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The Zylbermans look back on 25 years of having come to Winnipeg from Argentina

The Zylberman family (l-r):
Leandro, Melina, Mauricio,
Marta, & Ariel

By BERNIE BELLAN While there has been a large influx of Jewish immigrants into Winnipeg over the past 25 years, perhaps one of the most interesting stories of how one family made the decision to come here is the Zylberman family’s – when one learns how much their decision to come here was totally a matter of chance.

Mauricio and Marta Zylberman, along with their three children: Ariel, Leandro, and Melina, arrived here in 1997 – during one of the worst snow storms in Winnipeg history, and just in time for what became the “flood of the century.”
But how the Zylbermans ended up in Canada – and a city about which they knew almost nothing at the time, is quite a fascinating tale. Although their decision to come here was taken somewhat arbitrarily, the Zylbermans quickly established strong roots in the community and have been deeply involved not only in Jewish life, but many other aspects of life in Winnipeg as well.

The story begins with a turbulent period in Argentina’s history, when the economy was cratering and Argentina was about to enter into a period that is now referred to as the “Argentine Great Depression,” which lasted from 1998-2002. Prior to that period Argentina’s economy had stagnated severely. Not only that, Buenos Aires, which is where the Zylbermans lived, had become a dangerous place where, as Mauricio Zylberman explains, the “corruption” and crime were terrible.
He says that every night, when he would come home from work, he “would have to drive around the block to make sure no one was waiting for me before I would get into my house.”
And yet, as Marta Zylberman describes their situation at the time, “we were very successful.” Their wanting to leave Argentina, she observes, “wasn’t about money. We were trying to get a better future for our kids,” she notes.
I asked them what they did in Argentina. Marta says she was a “stay at home mom and Mauricio was an accountant.”
The two boys were teenagers in 1997; Ariel was 16, Leandro was 14, and Melina was 11. Mauricio and Marta were themselves already in their 40s, so picking up and starting over in a new country – without even knowing where they might go, was definitely a challenge not for the faint of heart.
Their first choice was to get a green card for the United States, but “we couldn’t get it,” Marta says.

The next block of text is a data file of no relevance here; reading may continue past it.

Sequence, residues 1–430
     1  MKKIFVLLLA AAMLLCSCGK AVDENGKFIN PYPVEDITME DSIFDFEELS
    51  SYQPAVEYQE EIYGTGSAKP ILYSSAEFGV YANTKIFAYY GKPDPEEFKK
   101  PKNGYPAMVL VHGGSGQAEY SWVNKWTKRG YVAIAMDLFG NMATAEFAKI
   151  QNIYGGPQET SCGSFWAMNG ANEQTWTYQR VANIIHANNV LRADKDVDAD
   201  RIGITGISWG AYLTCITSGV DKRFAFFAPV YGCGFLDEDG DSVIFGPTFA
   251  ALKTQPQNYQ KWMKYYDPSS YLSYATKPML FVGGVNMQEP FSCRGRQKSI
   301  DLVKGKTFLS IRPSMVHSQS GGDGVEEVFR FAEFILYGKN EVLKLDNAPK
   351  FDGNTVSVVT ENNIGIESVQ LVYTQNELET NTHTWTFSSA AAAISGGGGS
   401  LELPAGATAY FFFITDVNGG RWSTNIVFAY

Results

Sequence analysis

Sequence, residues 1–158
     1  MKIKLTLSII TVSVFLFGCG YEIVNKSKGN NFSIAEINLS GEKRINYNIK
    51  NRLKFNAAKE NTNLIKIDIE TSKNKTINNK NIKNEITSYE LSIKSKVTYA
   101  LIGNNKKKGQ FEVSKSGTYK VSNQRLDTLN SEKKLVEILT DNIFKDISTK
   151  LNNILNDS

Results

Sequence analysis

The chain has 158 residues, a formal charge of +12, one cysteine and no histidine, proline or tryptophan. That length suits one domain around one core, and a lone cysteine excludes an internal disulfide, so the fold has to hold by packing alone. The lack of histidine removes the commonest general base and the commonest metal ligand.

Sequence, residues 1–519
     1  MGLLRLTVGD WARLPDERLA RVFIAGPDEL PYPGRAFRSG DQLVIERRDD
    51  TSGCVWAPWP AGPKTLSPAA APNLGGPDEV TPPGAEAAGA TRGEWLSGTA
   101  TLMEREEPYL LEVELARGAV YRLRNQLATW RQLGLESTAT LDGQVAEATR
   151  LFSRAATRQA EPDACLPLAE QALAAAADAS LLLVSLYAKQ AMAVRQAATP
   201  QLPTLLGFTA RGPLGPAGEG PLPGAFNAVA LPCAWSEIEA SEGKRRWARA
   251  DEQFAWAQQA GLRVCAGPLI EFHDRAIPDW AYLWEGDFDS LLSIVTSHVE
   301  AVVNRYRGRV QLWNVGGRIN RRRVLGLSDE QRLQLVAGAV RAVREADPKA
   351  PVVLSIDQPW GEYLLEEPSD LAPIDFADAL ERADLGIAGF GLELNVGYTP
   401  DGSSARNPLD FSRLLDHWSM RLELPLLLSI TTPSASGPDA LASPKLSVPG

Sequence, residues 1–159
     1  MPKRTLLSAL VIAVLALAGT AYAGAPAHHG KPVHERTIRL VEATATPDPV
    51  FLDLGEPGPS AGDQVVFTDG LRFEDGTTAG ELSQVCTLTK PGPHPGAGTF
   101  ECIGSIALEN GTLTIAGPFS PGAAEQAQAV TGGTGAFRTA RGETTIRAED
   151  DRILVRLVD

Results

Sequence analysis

So, as she notes, in 1996 Marta decided to contact three different embassies: the Canadian, the Australian, and the New Zealand embassies and, as she puts it, “whoever is going to give us an answer, we’re going to go for it.”
“Canada and New Zealand were very welcoming,” Marta says, but “not the same situation with Australia.”
Eventually the Zylbermans were invited to an interview at the Canadian embassy.
I asked Marta and Mauricio whether they were even thinking about coming to Winnipeg at that time? “Was Winnipeg even on your map?” I asked them.
“No,” Marta answers. “We didn’t even know about Winnipeg.” (What eventually would turn into a major initiative undertaken by the Winnipeg Jewish Community Council – later to become the Winnipeg Jewish Federation, to attract Argentineans to Winnipeg had not yet begun.)
“When we put in the application and we were asked where we wanted to go, we said Toronto or Ottawa,” Marta says.
The Zylbermans could have gone anywhere they wanted in Canada because they were approved for visas but, at the end of their interview at the Canadian embassy, Marta says that the woman who was conducting the interview showed them some flyers that she thought might help them in their decision-making process.
According to Marta, that woman said, “You’re not going for an exploratory visit anywhere. But because you are Jewish and you have teenagers, and you are a family of five, why don’t you take these flyers that are related to the Jewish community in Winnipeg, so if you decide to change your mind and you want to go to Winnipeg (instead of Toronto or Ottawa), just let us know.”
The Zylbermans looked at those flyers. Marta notes that the flyers talked about how many restaurants there were in Winnipeg per capita, how many lakes were nearby – but there wasn’t anything about “the temperature” in Winnipeg, and there certainly wasn’t any mention of blizzards !

Mauricio picks up the story at that point, saying that when they got back from the embassy, he was intrigued at the notion of moving to a city with an established Jewish community, one that the individual at the embassy described in glowing terms. That very same day, he says, he sent a fax to the Winnipeg Jewish Community Council (noting that this was before the advent of the internet), expressing an interest in coming to Winnipeg.
Apparently that fax was fielded by Evelyn Hecht, who was the Community Relations Director for the WJCC at the time, and within a couple of hours Mauricio said he received a fax back from someone in the Manitoba government asking how could they help with the Zylbermans settling in Winnipeg.
Mauricio says that it was “astonishing to have an answer back within a couple of hours. I said to Marta, ‘If these people are giving an answer back in a couple of hours, that’s the place we should go’.”